A24 Wants to Make ‘Dicks: The Musical’ a Best Song Contender for Megan Thee Stallion — And It Should Be

Lyrics that include the words “dick,” “fuck” and “pussy” are not the typical wholesome, family content the Academy’s Music Branch tends to recognize. But occasionally, they have allowed a couple to slip through. A24’s “Dicks: The Musical,” the opening night Midnight Madness at TIFF, has an onslaught of hilarious and catchy tunes that I wish the Oscars would be brave enough to nominate.

With so many hilarious tracks to choose from, including “Gay Old Life” and “The Sewer Song,” Grammy-winning rapper Megan Thee Stallion brings down the house with her delivery on the rap and dance number “Out-Alpha the Alpha.” It could and should be one of the many songs to consider for this year’s Academy Awards, and distributor A24 confirms they’ll submit the movie for Oscar consideration.

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Adapted from stars and writers Josh Sharp and Aaron Jackson from their two-person play “Fucking Identical Twins,” the film tells the story of two alpha-male businessmen, Craig and Trevor, who discover they are long-lost identical twins. This leads the two to stage a “Parent Trap”-esque reunion of their eccentric parents (Megan Mullaly and Nathan Lane). Among the cast is Stallion in her feature film debut as Gloria, the foul-mouth boss with musical swag, and Emmy nominee Bowen Yang (“Saturday Night Live”) as you guessed it: God.

Already brimming with chart-topping songs and big names from blockbuster movies such as Billie Eilish (“Barbie”), Jack Black (“The Super Mario Bros. Movie”) and Lenny Kravitz (“Rustin”), it could be difficult for the Houston rapper to find traction for A24’s first-ever musical, but it’s deserving.

Dicks! The Musical
Dicks! The Musical

The songs were created by Marius de Vries (“Moulin Rouge!”) and Karl Saint Lucy, who wrote the music with Jackson and Sharp for the original stage play. The absurd plotline and unhinged lyrics are still delicately balanced and feel fit for a Broadway stage. I mean, there’s a sing-along pronouncing God as gay. How can you not love it?

The studio has yet to confirm which songs they’ll submit, so they must choose wisely among the 25 eligible tracks. Per Academy rules, no more than two songs from any one film by the same writers may be submitted or shortlisted.

In addition to being an absolute stunner in every frame she inhabits, Stallion is more than willing to “go for it” in her scenes, and I’d be excited to see more acting work from her in the future.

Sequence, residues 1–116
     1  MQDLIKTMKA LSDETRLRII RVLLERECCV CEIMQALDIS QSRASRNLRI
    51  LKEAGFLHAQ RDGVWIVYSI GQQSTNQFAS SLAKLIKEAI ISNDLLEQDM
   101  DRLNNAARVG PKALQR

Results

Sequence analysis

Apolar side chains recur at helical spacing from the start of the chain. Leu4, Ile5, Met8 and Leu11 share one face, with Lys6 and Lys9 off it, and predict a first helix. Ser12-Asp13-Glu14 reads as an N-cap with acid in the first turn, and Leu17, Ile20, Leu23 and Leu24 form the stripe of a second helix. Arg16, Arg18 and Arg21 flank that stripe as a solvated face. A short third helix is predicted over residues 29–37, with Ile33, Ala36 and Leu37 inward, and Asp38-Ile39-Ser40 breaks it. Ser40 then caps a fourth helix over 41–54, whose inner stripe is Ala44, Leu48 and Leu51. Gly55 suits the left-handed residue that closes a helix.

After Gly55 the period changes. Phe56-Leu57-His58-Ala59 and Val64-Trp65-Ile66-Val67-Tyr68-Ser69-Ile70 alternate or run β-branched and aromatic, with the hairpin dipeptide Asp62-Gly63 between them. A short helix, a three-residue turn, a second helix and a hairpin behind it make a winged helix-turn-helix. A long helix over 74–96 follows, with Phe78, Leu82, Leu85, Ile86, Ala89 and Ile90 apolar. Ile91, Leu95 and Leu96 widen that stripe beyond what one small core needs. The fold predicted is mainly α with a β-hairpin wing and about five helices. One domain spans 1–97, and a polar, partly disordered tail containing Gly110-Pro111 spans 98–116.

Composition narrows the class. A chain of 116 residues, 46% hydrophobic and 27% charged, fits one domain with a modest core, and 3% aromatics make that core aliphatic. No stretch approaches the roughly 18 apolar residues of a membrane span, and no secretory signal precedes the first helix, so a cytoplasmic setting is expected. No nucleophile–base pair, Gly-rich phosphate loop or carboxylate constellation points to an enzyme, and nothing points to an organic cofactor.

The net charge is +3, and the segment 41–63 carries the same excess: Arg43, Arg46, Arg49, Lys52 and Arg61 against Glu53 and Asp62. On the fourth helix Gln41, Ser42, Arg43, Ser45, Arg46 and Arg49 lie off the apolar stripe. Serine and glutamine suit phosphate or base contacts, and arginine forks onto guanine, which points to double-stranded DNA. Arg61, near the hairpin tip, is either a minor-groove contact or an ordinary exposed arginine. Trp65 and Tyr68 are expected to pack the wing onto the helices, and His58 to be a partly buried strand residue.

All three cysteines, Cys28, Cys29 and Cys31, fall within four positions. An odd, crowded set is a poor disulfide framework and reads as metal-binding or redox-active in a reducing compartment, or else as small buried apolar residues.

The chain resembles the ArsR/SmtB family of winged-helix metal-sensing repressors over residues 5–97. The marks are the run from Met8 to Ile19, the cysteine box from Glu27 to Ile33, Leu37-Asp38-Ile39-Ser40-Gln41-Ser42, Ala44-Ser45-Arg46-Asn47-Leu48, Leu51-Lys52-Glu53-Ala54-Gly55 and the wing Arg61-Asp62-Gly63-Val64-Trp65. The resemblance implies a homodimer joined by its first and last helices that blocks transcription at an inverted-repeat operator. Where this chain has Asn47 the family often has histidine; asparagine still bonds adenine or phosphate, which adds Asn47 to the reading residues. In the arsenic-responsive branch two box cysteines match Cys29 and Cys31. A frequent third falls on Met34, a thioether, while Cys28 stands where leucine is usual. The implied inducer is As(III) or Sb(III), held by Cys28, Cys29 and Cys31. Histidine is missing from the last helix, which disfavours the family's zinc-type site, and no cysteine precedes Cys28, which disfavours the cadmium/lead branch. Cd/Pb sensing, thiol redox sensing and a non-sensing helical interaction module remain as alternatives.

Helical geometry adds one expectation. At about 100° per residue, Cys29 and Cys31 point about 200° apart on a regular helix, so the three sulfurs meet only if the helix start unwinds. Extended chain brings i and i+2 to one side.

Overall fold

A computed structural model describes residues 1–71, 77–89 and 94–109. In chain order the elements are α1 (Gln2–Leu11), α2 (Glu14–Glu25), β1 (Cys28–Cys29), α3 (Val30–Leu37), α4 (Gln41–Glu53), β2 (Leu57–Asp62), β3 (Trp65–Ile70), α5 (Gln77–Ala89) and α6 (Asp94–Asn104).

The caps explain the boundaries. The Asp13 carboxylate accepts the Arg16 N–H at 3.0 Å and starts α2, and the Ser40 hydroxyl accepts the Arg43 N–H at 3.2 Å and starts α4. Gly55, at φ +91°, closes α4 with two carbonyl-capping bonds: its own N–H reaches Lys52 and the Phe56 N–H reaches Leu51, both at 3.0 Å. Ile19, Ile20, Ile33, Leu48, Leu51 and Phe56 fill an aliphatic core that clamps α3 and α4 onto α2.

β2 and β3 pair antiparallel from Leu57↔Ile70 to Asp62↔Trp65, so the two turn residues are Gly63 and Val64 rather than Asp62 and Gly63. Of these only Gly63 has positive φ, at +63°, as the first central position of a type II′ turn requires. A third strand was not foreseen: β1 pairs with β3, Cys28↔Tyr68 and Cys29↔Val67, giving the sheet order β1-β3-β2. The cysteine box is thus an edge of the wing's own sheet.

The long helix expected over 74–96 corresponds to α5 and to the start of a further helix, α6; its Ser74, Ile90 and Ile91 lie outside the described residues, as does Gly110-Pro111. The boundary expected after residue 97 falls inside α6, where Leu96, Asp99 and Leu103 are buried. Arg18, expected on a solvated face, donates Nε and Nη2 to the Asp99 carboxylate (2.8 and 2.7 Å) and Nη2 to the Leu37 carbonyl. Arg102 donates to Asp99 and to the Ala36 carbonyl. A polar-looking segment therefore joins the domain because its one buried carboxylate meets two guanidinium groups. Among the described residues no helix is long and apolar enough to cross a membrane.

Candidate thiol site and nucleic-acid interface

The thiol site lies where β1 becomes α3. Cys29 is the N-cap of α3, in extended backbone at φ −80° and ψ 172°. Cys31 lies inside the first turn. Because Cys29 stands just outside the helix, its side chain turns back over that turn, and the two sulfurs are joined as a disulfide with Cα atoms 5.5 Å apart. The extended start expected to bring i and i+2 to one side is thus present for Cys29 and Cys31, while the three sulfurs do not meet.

Directed by Larry Charles, best known for helming “Borat” (2006), the midnight showing that dropped inflatable dildos during the film’s final number isn’t something we’re expecting the Academy to embrace (if only they would be that cool). Overtly raunchy comedies are not their forte, apart from specific instances like Matt Stone and Trey Parker’s animated feature “South Park: Bigger Longer and Uncut” in best original song. But for every inclusion, there are notable exclusions like “I Love Boobies” from “Barb and Star Go to Vista Del Mar.”

Two years after, the Academy randomly brought Stallion to the ceremony as a performer on the non-Oscar-nominated “Encanto” song, “We Don’t Talk About Bruno,” which she had no visible affiliation with. Now, they can do it for something she contributed towards. Stallion has earned three top 10 singles on the Billboard Hot 100 throughout her career, including the No. 1 singles “Savage” with Beyoncé and “WAP” with Cardi B (coincidentally used in Sony Pictures’ “Dumb Money” which also premiered at TIFF).

Listen, it would be more than amusing to imagine the Oscars’ producers having conversations about how to present a performance where the song contains the lyrics: “So get it in line, drop to your knees, and suck my fucking dick.”

Hip hop has naturally faced adversity with the Academy with three rap song winners in 95 years – “Lose Yourself” from “8 Mile” (2002), “It’s Hard Out Here for a Pimp” from “Hustle & Flow” (2005) and “Glory” from “Selma” (2014). Only the first two had the “F-word” in their lyrics.

Colorful language isn’t necessarily frowned upon by voters. However, they still need to “like” your movie and I’d imagine many older, more conservative Oscar voters will tune out after the opening number.

But if they want something a tad more familiar, they can choose the hysterical split-screen duet between Emmy winners Mullaly and Lane, who are just stomach-hurting funny in their roles.

It’s a long shot, but if we’re not pushing the Academy to mature their cinematic palettes, they can do much worse than a few “Dick” songs.

“Dicks: The Musical” opens in theaters on Sept. 29.

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